Land Swap Is Smarter Alternative
Former Albuquerque Water Resources Manager, Norm Gaume, cautioned in his June 5 ABQ Free Press Op-Ed (“Santolina Jeopardizes Region’s Water Supply“), that the proposed Santolina development “will jeopardize our region’s public water supply, negatively impact local consumers, and affect taxpayers throughout the State.”
It is urgent for the Bernalillo County Planning Commission (CPC) and the Bernalillo County Commission (BCC) to heed this expert’s caution and objectively consider the negative long-term impact Santolina will have on our Community’s economy, infrastructure and quality of life.
An inadequate water supply for our community, combined with the impact of ignoring commonly accepted contemporary urban planning and design principles, could jeopardize our viability as a high desert community.
Some of the most basic urban design issues that our county leaders must consider include:
1. The Santolina proposal is based on an obsolete and archaic planning model from the mid-20th Century that is dependent on the automobile — a design that is no longer relevant or appropriate in the 21st Century and contradicts almost all contemporary urban planning principles that call for infill development vs. continued urban sprawl.
2. The Santolina development will not be built or maintained at “no net expense” to the county as required by the County’s “Planned Communities Criteria”. Not only will there inevitably be substantial “net expense” to the county, citizens living in adjacent communities, including Albuquerque, will ultimately incur substantial “net expense” as well.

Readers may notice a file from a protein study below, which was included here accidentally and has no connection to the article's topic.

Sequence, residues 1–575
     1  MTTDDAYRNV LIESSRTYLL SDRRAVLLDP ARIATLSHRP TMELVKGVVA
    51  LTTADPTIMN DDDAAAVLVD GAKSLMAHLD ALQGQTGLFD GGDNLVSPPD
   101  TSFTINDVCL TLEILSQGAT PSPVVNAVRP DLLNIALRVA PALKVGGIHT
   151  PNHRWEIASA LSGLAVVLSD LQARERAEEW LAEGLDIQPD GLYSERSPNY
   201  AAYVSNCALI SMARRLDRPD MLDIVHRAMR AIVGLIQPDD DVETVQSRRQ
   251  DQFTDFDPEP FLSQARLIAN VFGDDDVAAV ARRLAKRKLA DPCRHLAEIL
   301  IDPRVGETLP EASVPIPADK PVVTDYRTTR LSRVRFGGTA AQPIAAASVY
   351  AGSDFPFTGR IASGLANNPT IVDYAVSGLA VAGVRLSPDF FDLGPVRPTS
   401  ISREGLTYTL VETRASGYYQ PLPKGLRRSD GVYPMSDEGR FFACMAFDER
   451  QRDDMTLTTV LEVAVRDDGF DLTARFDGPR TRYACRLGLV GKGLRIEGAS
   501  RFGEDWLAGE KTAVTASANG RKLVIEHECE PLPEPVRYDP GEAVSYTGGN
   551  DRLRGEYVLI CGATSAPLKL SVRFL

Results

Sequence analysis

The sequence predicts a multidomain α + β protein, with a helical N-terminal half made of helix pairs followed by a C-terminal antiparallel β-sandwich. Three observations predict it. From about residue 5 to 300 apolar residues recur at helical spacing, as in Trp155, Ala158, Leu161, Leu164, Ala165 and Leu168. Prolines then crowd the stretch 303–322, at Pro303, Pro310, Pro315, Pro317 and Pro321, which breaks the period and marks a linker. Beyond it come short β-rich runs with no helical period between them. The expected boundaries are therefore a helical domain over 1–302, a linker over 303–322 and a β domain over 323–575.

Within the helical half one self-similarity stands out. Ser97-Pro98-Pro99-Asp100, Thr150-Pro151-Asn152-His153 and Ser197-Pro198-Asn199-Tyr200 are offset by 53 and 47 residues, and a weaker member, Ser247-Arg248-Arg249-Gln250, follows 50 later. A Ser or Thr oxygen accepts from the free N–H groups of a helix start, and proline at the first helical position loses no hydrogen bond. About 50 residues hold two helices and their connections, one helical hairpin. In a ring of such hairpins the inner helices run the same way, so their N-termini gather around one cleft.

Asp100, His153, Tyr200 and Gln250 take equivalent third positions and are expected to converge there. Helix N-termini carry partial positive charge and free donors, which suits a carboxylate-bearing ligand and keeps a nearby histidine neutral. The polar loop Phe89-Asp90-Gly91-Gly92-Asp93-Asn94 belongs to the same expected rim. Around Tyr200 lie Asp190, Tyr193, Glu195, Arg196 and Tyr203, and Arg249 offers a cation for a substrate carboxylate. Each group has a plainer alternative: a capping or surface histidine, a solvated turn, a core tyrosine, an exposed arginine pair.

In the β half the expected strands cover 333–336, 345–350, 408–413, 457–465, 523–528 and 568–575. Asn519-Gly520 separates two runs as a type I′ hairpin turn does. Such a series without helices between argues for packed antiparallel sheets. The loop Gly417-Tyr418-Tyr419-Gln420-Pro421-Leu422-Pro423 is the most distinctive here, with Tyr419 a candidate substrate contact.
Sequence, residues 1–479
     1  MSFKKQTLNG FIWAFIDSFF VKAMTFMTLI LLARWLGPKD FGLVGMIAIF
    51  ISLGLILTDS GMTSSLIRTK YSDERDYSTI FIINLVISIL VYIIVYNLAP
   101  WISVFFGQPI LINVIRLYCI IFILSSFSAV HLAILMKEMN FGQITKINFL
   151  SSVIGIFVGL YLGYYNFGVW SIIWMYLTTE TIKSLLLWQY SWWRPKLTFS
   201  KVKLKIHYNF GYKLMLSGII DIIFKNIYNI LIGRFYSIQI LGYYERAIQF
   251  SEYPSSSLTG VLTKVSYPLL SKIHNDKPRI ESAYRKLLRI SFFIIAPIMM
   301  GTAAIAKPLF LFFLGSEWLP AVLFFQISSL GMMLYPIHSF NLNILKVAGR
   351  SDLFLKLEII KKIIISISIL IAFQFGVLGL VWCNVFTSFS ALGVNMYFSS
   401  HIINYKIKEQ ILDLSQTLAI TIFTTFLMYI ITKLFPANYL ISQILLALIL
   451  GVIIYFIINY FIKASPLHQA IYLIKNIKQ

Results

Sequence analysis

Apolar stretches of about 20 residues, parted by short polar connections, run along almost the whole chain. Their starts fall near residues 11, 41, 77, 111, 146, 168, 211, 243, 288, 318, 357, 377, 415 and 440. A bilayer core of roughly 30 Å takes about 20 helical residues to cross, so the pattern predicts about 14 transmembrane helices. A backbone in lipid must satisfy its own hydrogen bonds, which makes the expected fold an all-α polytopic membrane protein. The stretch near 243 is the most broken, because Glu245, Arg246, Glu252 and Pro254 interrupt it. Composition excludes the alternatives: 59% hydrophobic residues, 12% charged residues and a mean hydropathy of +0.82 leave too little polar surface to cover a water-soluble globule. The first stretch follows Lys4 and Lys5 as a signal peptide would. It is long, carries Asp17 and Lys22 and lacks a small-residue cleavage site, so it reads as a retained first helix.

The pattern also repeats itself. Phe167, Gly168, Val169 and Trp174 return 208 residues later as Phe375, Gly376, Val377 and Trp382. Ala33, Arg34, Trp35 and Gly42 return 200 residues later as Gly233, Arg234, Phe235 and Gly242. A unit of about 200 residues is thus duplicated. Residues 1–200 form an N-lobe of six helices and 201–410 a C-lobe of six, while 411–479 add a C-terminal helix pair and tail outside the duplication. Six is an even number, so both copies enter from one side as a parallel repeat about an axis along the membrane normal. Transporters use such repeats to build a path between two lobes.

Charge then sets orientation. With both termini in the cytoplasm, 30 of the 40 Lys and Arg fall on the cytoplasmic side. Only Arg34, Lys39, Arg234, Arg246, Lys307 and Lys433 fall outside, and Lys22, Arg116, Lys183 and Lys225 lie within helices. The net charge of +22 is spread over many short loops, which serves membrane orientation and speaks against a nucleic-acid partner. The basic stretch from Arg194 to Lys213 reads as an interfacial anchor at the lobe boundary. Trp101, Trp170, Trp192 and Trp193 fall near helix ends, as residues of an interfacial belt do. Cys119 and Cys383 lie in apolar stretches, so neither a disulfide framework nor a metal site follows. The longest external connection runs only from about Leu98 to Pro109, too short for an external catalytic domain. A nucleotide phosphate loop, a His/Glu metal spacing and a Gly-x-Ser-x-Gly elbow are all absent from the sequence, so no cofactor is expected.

3. Radically speculative land use and planning strategies not based on economic reality promote sprawl development and exacerbate private and public sector disinvestment in economically depressed communities. The actual population growth rate of Bernalillo County over the last 10 years is less than 10 percent of the projections used by the Santolina developers, which obviously make them “radically speculative”.
4. Suburban development costs the public more than double the cost of more compact urban development and infill.
5. The Santolina development is simply not needed. There are already several failed “planned communities” in the Albuquerque metropolitan area. Why would we intentionally create another one? There is an abundance of vacant land in Bernalillo County and Albuquerque — more than enough to meet the housing needs of Albuquerque’s growth.
The county’s leadership is obligated to consider a better idea.
A substantially better alternative is a land swap among Bernalillo County, the City of Albuquerque and the Santolina developers — an approach that would benefit all parties.
This approach would involve the county and city offering the Santolina developers a package of selected infill parcels within the city and county — a portion of which could be dedicated to low-income housing — along with appropriate economic incentives, in exchange for the current Santolina site, which could then be preserved in perpetuity as open space.
A very small portion of the site could be dedicated to a large solar array that would supply low cost, clean energy to both the city and county, perhaps via an electric utility coop, owned by the citizens of our community.
The idea of a land swap was first discussed with county, city and Santolina officials in 2015. The proposal was officially presented to the County Planning Commission on July 21, 2016 when it was recommended that the CPC and the BCC explore various land swap structures as an alternative to the current proposed Santolina Development Plan.
An idea along these lines could be a major win-win for all parties. It would protect the fragile West Mesa, stimulate economic development within the county and the city, enhance the long-term viability of our community and improve the well-being of our community’s current and future citizens.
This idea deserves serious and immediate consideration.
David Vogel is a former planning and management systems consultant who has lived in New Mexico since 1971. His research and large-scale systems analyses, as well as his economic and community development experience, have been utilized and applied by businesses, nonprofits, government agencies and communities throughout the U.S. and internationally.
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